Practically Speaking

Kyle and her husband moved to Brookfield in 1986. She became active in local politics and started blogging in 2004. Her focus is primarily on local issues but often includes state and national topics, too. Kyle looks at things from the taxpayers' perspective in a creative, yet down to earth way, addressing them from a practical point of view.

Plastic bags: Going green or going for the green?

Environment, Follow the money, Going Green

Menards bag sale


Paper or plastic?

A Senate committee Wednesday night voted 4-3 for a bill that would ban plastic bags in large retail stores within three years.

Critics complained that the bill would drive consumers to paper bags, which cause their own set of environmental problems. But supporters said the idea was to get customers to use some sort of reusable bag.

"I can remember my grandmother taking her cloth bags to the grocery store," said Sen. Lois Tochtrop, D-Thornton. "It wasn't called recycling. It was called economics."

Sen. Shawn Mitchell, of Broomfield, joined the other two Republicans on the Senate Business, Labor & Technology Committee in voting against Senate Bill 156.

"Stores are already going in the direction of reusable bags," he said afterward, "but no, government has to ride to the rescue."

The bag ban was the brainchild of a teacher and a group of students at Kent Denver School, who approached lawmakers with their idea. Sen. Jennifer Veiga and Rep. Joe Miklosi, both Denver Democrats, agreed to sponsor the measure.

Veiga announced at the outset of the hearing Wednesday that she was stripping the most controversial provision in the bill: a 6-cent charge on every plastic bag provided by retailers at checkout.

She said retailers opposed it but, more importantly, so did shoppers.

Veiga applauded the efforts of plastic bag recyclers but said the effort hasn't been enough to reduce the problems with bags.

"I don't believe we will see a lot of progress until we move in a dramatic direction," she said.

Mary Lou Chapman, president of the Rocky Mountain Food Industry Association, questioned why the bill only pertained to retail stores over 10,000 square feet.

"If my plastic bag is bad, why is yours not bad?" she asked.

Lobbyist Chris Howes, who represents the Colorado Retail Council, also questioned why larger stores were singled out.

"When I was growing up in the '70s, paper was the thing to get away from because we were cutting down too many trees," he said. "And then we moved to the plastic. There's some irony that we're back here again."

Kent teacher Paul Gilden and his students sat through the 21/2-hour hearing. Four students testified on behalf of the measure.

"By passing this bill, we will show the country and the world that Colorado is at the forefront of progressive environmental policies," said junior J.J. Schpall.

"We can survive without plastic bags. We cannot leave this matter to others. We are, and must be, the solution."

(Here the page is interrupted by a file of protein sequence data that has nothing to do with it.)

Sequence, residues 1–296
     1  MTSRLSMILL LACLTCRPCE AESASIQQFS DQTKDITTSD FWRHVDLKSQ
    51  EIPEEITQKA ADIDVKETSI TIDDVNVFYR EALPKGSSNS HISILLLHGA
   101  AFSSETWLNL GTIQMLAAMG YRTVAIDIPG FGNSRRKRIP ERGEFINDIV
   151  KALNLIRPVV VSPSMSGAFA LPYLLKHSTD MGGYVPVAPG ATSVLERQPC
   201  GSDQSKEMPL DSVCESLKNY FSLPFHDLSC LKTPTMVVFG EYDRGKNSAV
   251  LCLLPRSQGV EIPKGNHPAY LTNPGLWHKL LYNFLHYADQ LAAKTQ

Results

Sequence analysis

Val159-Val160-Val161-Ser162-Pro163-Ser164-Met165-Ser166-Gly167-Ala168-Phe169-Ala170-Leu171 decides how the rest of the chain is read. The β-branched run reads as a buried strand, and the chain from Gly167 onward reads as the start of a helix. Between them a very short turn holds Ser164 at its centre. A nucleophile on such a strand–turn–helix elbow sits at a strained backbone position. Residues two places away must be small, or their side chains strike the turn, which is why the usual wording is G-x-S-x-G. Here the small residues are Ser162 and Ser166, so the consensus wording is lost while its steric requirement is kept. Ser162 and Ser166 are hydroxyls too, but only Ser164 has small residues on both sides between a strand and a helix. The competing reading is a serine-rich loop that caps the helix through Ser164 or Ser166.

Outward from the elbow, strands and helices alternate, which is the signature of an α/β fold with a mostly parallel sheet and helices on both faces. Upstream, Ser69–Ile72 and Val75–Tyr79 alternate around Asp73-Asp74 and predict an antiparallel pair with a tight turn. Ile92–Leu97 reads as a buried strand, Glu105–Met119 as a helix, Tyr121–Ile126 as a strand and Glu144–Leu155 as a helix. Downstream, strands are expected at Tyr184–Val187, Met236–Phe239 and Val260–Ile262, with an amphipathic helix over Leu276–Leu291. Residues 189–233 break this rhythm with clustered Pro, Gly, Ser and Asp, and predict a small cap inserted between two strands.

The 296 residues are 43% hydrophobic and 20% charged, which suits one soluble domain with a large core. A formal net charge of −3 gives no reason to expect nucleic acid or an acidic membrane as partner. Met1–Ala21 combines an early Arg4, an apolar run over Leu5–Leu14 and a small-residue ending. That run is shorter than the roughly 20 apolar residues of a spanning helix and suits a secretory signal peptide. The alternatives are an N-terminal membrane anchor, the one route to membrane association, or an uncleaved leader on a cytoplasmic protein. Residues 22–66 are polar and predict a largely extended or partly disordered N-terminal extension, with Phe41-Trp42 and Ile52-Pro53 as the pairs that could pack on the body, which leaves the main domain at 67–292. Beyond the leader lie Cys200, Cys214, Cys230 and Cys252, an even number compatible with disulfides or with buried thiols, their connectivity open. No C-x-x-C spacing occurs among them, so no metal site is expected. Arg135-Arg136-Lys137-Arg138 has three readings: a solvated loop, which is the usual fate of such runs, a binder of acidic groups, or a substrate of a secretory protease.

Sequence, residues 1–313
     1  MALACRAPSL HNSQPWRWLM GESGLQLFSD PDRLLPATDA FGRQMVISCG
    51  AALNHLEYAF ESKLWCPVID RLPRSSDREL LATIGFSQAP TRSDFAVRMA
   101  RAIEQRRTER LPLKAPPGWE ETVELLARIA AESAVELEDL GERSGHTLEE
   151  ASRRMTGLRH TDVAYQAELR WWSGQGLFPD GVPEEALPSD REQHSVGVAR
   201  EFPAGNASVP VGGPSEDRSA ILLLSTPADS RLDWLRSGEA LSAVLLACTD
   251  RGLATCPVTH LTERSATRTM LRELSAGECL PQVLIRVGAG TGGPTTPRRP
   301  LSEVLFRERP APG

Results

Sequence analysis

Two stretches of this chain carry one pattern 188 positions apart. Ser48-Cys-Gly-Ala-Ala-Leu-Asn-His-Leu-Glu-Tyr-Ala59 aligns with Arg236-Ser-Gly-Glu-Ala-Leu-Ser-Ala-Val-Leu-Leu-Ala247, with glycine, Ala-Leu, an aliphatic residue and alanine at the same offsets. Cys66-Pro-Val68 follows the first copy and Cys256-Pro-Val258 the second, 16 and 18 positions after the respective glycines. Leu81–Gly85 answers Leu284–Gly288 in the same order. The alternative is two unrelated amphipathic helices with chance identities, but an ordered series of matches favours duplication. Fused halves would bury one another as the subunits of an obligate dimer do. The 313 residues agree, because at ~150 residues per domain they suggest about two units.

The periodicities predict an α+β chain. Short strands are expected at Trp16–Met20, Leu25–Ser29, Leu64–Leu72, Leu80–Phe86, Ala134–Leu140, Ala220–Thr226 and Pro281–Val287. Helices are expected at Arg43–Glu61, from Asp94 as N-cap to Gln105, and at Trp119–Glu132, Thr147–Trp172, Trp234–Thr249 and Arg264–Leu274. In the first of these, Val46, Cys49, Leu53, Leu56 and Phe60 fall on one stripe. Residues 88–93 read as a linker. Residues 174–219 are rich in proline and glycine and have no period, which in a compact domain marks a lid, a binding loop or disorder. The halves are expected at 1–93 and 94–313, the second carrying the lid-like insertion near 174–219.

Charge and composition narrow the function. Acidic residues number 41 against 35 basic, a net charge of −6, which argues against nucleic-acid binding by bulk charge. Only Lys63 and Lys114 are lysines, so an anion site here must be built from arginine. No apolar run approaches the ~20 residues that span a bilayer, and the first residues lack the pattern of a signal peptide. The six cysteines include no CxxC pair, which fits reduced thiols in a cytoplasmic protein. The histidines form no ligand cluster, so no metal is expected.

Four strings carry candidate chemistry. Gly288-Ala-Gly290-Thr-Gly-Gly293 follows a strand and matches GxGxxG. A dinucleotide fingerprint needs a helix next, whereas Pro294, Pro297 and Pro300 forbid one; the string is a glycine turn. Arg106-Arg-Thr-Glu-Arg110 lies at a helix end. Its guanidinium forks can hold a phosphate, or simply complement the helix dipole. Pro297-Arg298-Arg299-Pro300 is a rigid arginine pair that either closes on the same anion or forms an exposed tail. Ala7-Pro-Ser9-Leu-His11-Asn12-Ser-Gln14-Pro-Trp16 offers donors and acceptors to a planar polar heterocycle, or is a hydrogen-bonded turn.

Also championing the bill was David Allen, of Telluride, who said that 26 mountain towns in the West are collaborating on a voluntary initiative to reduce consumption of plastic disposable shopping bags.



Pros and cons

A bill that would ban plastic bags over a three-year period was heard in the Senate on Wednesday afternoon. Here's what foes and fans of plastic bags say:


* Global consumption of plastic bags is approximately 5 trillion annually.

* 12 million barrels of oil are required to manufacture 100 billion plastic grocery bags.

* The average family accumulates 50 plastic bags in four trips to the grocery store.

* It costs $4,000 to recycle 1 ton of plastic bags.

* Ninety percent of all grocery bags are plastic.

* Plastic bags can take up to 1,000 years to degrade.

* Millions of fish, seabirds and mammals die each year because of plastic bags.


* Plastic bags require 40 percent to 70 percent less energy to make than paper bags.

* For every seven trucks needed to deliver paper bags, only one truck is needed for the same number of plastic bags.

* It takes 91 percent less energy to recycle a pound of plastic than a pound of paper.

* The manufacture and use of paper bags generates 70 percent more air emissions than plastic.

* Making plastic bags requires less than 4 percent of the water needed to make paper bags.

* Plastic bags are fully recyclable and can be made into dozens of products, including fencing, decking and new bags.

Going bag-free

Colorado-based Vitamin Cottage has long banned plastic bags in its stores and by Earth Day of this year, all of its 29 stores will be bag-free.

Starting in April, customers at all the stores in Colorado, Texas, New Mexico and Utah will have to bring their own reusable bags or take their groceries home in recycled boxes.

"It's all been very positively received," said Heather Isely, executive vice president for Natural Grocers by Vitamin Cottage.

"Grocery bags in general are a huge burden on the environment."

Even though the proposed legislation would not affect Vitamin Cottage, Isely supports it.

"We tried incentives. Unfortunately that didn't work. It seems like people respond to the negative. Imposing a bag tax (in Ireland and elsewhere) has produced significant results."

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